There is energy in emotions. The energy that comes from individual people’s emotions combine to create a larger field, a collective. The stronger the emotions, the stronger the energy. Scientific data aside (and there is plenty), this can be proven simply by walking in a room where two people were having an argument. They may have immediately stopped when you walked in but you are aware that they were arguing, even if they smiled at you in greeting. Why? What’s the common phrase? The tension was so thick you could cut it with a knife. That is a direct reference to the energy outside of and created by the two people arguing that is palpably felt by others. Collective consciousness occurs when others around are experiencing emotional energy that matches or has a frequency close to that energy they come into contact with. If the energy matches, they can join together; if the frequencies are close enough, they can be ‘persuaded’—so to speak—to follow, and the field gets bigger. If you were already experiencing negative emotions when you walked into the room, theirs would feed yours and you would leave feeling worse. If your energy was more positive, you would be able to brush it off without a thought.
In many of the negative cases the emotional base is fear (fear of exclusion, fear of being singled out, fear of being considered different, fear of harm, etc.) and/or greed. Love and happiness are equally strong emotions. But the magnetic attraction of energies happen only when their frequencies match. For comparative purposes, the widely-used opposite ends of the scale are fear and love, with every other emotion being somewhere in between. We either make a decision based on fear (the fear of the repercussions of any other choice, what we perceive to be the lesser of two evils, fear of leaving a comfort zone, etc.) or love (something that we know will make us feel happy).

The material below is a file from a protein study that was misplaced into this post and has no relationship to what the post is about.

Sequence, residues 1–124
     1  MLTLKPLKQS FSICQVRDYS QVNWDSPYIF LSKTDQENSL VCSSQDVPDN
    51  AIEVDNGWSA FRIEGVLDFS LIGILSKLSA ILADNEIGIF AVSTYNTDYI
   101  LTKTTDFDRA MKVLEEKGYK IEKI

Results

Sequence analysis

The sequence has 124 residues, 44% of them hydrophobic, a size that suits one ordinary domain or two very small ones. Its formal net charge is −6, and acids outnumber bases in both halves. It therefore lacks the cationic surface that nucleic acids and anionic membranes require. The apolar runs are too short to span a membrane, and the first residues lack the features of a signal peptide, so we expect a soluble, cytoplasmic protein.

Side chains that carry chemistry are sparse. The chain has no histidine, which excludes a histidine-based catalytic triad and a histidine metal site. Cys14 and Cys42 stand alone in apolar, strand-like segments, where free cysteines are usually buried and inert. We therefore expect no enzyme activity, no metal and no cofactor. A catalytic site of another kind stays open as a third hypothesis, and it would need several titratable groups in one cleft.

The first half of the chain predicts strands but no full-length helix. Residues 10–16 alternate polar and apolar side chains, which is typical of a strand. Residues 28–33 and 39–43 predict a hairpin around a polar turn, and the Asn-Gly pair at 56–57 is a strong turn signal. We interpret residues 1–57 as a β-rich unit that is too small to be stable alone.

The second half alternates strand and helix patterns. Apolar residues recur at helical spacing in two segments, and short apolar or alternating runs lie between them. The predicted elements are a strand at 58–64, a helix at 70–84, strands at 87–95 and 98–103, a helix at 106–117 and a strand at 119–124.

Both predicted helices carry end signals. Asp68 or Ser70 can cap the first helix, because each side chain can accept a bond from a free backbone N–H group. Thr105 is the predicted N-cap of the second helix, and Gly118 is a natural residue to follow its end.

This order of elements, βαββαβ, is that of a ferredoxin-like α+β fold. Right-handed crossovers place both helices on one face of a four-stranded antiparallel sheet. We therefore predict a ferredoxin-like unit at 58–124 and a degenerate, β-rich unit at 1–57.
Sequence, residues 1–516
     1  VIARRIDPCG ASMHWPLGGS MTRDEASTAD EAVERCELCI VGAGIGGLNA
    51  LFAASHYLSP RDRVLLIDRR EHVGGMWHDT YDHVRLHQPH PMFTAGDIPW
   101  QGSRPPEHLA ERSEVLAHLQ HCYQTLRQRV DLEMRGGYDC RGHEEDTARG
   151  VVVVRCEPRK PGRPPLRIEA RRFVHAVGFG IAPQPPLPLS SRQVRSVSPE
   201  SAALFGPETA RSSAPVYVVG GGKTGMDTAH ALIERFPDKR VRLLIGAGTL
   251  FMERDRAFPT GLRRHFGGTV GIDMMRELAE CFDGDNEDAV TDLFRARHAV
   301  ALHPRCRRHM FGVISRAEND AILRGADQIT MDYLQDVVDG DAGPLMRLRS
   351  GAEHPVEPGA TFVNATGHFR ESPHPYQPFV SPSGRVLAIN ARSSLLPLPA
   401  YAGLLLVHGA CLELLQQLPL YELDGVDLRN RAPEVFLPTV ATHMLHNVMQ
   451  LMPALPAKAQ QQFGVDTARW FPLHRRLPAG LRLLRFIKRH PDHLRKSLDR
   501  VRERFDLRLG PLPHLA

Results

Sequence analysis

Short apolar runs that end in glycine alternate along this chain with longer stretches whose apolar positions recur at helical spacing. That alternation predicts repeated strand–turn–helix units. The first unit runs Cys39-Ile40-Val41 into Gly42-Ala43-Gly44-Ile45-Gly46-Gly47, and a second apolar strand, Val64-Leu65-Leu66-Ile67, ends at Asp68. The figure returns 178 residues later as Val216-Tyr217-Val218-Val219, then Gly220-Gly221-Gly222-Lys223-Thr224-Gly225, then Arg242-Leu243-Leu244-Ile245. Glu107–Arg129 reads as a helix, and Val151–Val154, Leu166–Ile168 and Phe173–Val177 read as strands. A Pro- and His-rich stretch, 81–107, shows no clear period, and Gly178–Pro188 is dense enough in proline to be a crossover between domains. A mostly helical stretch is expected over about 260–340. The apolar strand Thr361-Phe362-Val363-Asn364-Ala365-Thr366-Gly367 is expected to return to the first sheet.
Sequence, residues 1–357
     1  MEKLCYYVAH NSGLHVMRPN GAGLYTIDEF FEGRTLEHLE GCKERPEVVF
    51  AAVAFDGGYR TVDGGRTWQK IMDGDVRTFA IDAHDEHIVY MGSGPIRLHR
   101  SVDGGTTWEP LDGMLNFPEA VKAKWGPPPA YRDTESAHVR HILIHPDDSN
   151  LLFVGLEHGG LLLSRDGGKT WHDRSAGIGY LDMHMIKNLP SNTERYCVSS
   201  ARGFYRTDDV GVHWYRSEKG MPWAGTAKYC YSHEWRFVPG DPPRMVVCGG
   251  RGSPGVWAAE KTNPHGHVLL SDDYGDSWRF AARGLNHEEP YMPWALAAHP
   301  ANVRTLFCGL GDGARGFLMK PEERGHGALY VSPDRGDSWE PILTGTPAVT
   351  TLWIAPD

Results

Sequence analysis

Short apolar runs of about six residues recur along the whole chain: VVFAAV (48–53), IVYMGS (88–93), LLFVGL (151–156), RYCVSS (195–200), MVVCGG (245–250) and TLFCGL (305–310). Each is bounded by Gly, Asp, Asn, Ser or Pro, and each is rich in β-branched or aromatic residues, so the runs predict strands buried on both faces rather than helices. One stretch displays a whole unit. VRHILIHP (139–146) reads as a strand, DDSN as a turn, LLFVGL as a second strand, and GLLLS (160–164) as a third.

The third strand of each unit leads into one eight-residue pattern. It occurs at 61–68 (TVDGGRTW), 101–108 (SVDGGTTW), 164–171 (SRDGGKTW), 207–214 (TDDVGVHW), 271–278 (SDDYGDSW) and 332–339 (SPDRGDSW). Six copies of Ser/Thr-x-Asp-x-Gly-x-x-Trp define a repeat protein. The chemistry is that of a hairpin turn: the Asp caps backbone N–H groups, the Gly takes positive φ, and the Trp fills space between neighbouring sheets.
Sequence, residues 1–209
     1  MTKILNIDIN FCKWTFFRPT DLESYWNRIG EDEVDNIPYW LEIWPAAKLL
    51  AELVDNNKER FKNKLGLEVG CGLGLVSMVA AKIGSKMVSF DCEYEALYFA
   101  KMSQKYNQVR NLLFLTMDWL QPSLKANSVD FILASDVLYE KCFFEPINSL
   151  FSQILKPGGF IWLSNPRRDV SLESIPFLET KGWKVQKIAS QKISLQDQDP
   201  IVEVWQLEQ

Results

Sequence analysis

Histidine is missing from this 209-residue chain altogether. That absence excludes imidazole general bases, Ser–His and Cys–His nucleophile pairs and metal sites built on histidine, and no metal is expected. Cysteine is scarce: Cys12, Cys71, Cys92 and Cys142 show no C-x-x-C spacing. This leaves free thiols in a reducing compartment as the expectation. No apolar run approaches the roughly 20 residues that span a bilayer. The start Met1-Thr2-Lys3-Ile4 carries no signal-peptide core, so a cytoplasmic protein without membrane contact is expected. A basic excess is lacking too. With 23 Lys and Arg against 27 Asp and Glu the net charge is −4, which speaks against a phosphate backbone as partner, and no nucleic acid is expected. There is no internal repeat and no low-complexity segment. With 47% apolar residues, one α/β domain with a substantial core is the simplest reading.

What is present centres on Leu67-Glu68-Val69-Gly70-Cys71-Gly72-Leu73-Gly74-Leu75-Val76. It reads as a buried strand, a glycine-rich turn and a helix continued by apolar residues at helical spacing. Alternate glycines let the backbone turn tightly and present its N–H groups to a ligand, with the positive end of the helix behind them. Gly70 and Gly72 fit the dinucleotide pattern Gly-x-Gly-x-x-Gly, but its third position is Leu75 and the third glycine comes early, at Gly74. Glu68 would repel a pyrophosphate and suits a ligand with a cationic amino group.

The so-called lemmings, the people who wish to keep up with the others, those who are accused of being easily swayed or influenced or ‘not having their own mind’ are still following the pull of their own energies based on their emotional states. This is not to say they are victims or easy prey, so much as they are unaware of their own base beliefs and feelings and of their true ability to control them.
Collective energy has no boundaries. It can be carried and spread across everything, time and space included. Anything that carries emotion is a conduit for energy. Even words. Sometimes, especially words. The power of words is carried in the emotions they evoke. The art of persuading people has to do with either being able to tap into their current emotional state or having the ability to raise or lower their emotional frequencies to create a desired belief. You can easily convince a person that a situation is unfair even if he or she has no active part in it if that person is already in the state of feeling unfairly treated by another, unrelated situation.
Think about it. Fighting the man. Voting for the underdog. Oppression and subjugation. Family feuds that stretch across generations. Sympathy pains. All—and more—are carried and strengthened by a knowledge and acceptance of the emotions underneath, even by secondary participants.
I often refer to music the “Universal Leveler”. It brings people together because of the emotions it evokes. Music has the ability to resonate with our emotional energies, and can both raise and lower them. We’ve all seen the many videos on YouTube set to Pharrell’s Happy. People have separate playlists for romantic dates and working out. How many times have you heard someone say, “This song gets me pumped!”? How do you feel when you hear Amazing Grace? What about We’re Not Gonna Take It? What’s it like being in a bar and hearing that song?
Another point about the art of persuasion and emotional energy: mob mentality starts with one person who has negative emotions about a situation (sadly, this could even be just the one person who is never happy who feels better when everyone around is also unhappy, or gets pleasure by taking people down). That person finds someone who feels the same way, and then another.  Persuasion comes in when the group is being built deliberately. Here is where peer pressure begins. Mass hysteria comes out of a concerted effort to fan the flames of emotion.
Notice the trends on social media. What happened with ebola? (Side note: what happened after its diversion was no longer needed?)
Two people arguing on the same side, as in complaining about a current situation together, will create a separate collective that can build just by inviting another person of the same opinions as theirs to their cause. Like the old Faberge Organics Shampoo commercial, “and they’ll tell two friends, and so on, and so on…”